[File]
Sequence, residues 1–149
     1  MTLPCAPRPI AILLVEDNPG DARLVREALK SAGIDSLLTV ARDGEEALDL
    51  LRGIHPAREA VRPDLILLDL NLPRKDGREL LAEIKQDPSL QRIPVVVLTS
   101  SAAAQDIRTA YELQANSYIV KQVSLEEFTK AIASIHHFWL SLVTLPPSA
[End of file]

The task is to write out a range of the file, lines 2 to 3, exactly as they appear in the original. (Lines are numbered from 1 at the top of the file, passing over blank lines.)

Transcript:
     1  MTLPCAPRPI AILLVEDNPG DARLVREALK SAGIDSLLTV ARDGEEALDL
    51  LRGIHPAREA VRPDLILLDL NLPRKDGREL LAEIKQDPSL QRIPVVVLTS